IT’S notoriously late to be diagnosed so don’t ignore the potential symptoms of pancreatic cancer, a group at York Hospital has urged.

When Sheila Cooper, 72, from Huntington, began to suffer from a persistent pain below her ribs she instinctively knew it was more than gallstones. “I knew there was something wrong,” she said, “I said to my daughter-in-law, there’s definitely something going on in there.”

Her hospital referral became immediate when she began to suffer from other symptoms: an upset stomach, jaundice and terrible itching.

“You know when they hold your hand it’s not good news,” Sheila (pictured below) said, recalling eventually being diagnosed with pancreatic cancer which had spread through her body.

York Press:

Sheila’s cancer is terminal but she’s determined to live with positivity and is tonight hosting a sold out fundraiser at Huntington Working Mens Club to raise money for Pancreatic Cancer UK.

And she’s supporting a campaign led by the team at York Hospital to raise awareness of the disease which is the eleventh most common cancer in the UK but has one of the worst survival rates: less than one per cent of people diagnosed with pancreatic cancer survive ten years or more.

There are 27 pancreatic patients currently having chemotherapy in York Hospital.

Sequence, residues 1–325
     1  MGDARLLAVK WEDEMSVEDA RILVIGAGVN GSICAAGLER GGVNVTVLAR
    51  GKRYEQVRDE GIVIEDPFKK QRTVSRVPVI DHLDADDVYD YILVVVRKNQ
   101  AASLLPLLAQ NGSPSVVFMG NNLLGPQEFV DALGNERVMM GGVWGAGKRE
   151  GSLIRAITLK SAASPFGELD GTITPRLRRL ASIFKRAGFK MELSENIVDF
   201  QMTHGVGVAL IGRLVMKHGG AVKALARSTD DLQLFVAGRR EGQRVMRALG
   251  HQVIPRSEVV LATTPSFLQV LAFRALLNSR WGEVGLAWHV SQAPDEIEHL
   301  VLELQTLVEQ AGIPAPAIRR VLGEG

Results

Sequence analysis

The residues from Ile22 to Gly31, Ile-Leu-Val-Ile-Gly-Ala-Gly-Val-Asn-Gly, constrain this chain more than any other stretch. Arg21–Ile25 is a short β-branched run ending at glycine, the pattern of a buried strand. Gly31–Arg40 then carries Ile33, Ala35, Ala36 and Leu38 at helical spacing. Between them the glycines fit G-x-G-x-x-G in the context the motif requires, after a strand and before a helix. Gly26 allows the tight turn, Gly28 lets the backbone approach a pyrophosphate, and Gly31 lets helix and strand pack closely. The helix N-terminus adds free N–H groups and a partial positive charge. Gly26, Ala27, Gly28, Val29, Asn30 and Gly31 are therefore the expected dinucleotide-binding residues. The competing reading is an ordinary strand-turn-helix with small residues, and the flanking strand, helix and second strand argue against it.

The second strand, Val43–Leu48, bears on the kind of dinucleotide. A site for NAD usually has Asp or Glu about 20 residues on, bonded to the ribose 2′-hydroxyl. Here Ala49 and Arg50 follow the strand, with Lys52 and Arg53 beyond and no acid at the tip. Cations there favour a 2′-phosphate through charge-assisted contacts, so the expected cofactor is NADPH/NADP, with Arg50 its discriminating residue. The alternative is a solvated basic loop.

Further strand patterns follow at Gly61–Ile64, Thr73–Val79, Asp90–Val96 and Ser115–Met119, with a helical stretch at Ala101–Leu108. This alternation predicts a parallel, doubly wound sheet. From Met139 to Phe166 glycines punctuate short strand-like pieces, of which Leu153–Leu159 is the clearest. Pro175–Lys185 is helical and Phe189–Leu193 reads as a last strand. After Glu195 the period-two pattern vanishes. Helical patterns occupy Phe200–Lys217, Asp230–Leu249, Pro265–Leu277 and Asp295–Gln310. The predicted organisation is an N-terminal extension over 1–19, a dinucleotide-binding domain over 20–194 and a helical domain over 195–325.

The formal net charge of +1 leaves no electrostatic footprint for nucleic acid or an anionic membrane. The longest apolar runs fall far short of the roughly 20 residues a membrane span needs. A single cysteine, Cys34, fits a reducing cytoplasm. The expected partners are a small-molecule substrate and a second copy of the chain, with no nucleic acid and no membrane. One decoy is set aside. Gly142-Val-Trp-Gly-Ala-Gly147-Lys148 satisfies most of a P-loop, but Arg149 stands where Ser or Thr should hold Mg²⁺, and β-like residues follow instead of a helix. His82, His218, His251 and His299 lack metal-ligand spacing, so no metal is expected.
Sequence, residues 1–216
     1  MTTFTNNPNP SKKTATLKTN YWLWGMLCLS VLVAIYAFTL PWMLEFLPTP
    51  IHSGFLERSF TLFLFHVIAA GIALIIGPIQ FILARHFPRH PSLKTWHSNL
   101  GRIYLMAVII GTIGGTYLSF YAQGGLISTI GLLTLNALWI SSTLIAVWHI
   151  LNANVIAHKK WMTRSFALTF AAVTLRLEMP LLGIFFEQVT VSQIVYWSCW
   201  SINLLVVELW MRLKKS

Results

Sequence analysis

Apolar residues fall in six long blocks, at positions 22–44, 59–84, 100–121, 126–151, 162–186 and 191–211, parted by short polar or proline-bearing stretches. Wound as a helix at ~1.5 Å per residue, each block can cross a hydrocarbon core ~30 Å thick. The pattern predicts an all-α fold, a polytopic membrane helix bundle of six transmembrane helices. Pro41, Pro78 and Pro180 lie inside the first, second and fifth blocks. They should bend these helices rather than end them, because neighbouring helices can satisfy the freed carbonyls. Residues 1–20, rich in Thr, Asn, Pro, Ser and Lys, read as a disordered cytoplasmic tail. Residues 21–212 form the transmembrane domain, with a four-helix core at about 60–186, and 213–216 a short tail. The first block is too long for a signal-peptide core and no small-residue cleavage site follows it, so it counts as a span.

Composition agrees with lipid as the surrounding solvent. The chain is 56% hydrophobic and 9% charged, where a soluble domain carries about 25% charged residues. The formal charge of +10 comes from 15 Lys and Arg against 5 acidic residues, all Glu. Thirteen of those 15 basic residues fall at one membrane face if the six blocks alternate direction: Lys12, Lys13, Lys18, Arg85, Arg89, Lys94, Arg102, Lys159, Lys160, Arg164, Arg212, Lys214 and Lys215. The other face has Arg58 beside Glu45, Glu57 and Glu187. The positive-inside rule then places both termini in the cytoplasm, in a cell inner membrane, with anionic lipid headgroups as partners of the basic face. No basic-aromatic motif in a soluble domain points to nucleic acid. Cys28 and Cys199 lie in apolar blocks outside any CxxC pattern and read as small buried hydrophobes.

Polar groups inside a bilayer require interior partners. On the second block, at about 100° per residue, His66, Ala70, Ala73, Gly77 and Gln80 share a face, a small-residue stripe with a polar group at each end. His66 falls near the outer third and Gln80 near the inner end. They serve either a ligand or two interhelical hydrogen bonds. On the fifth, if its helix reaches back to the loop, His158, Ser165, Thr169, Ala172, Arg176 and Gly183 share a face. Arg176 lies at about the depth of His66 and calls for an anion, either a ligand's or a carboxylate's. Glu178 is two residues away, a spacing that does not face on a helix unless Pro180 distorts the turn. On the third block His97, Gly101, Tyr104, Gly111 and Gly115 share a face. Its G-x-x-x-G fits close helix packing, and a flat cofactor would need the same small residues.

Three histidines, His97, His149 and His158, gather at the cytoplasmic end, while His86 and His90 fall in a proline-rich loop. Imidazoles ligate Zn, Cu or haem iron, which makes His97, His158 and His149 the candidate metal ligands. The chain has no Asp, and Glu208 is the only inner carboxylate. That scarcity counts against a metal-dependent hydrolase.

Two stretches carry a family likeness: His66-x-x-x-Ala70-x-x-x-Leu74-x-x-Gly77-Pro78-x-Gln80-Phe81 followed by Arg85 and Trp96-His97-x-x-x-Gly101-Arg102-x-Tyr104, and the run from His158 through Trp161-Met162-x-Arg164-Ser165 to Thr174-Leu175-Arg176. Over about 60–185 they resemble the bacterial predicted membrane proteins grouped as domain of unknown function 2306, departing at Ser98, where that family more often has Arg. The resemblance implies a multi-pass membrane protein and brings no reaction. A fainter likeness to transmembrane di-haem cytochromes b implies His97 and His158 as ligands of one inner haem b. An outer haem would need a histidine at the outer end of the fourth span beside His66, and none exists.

Among them is Geoffrey Underwood (pictured below), 73, from Thorpe Willoughby. He has a similar story to Sheila having suffered from a persistent pain in his ribs, which radiated into his back. At points the pain became so severe he struggled to sit or lie down.

York Press:

But his diagnosis was slow as his symptom was mistaken for other conditions, including pancreatitis. When he was diagnosed Geoffrey was also told he could receive chemotherapy to extend his life but the cancer had spread and was incurable.

“I had no idea. I had no idea to think about pancreatic cancer,” he said.

Both agree on the importance of early diagnosis.

“If there’s anything unusual for you then go to the doctors,” Sheila said, “Persist with it. Go to your GP. Ask for a scan.”

York Hospital has a new support group for people with pancreatic cancer in York and surrounding areas.

It is the first support group at the hospital for patients and relatives affected by pancreatic cancer.

The next meeting will be on November 23 at York Hospital between 1.30 – 3pm. For further info call 01904-726482.


THE key symptoms of pancreatic cancer are:

- A nagging upper abdominal pain, radiating into the back, which may be worse at night.

- Unexpected weight loss and a suppressed appetite

- Loose stools

- New onset diabetes

- Unexplained jaundice

Speaking during pancreatic cancer awareness month, York Hospital oncologist Dr Kim Last outlined the symptoms above and said that while the outlook is often still poor “the treatments are getting better and chances of cure are much better the earlier the cancer is diagnosed.”

The pancreas is a large gland that's part of the digestive system.

Statistically around half of all new cases are diagnosed in people aged 75 or over. It’s uncommon in people under 40 years of age.

The three main treatments for pancreatic cancer are surgery, chemotherapy, radiotherapy. Different combinations of chemotherapy and more precise radiotherapy are offering hope for the future, he said.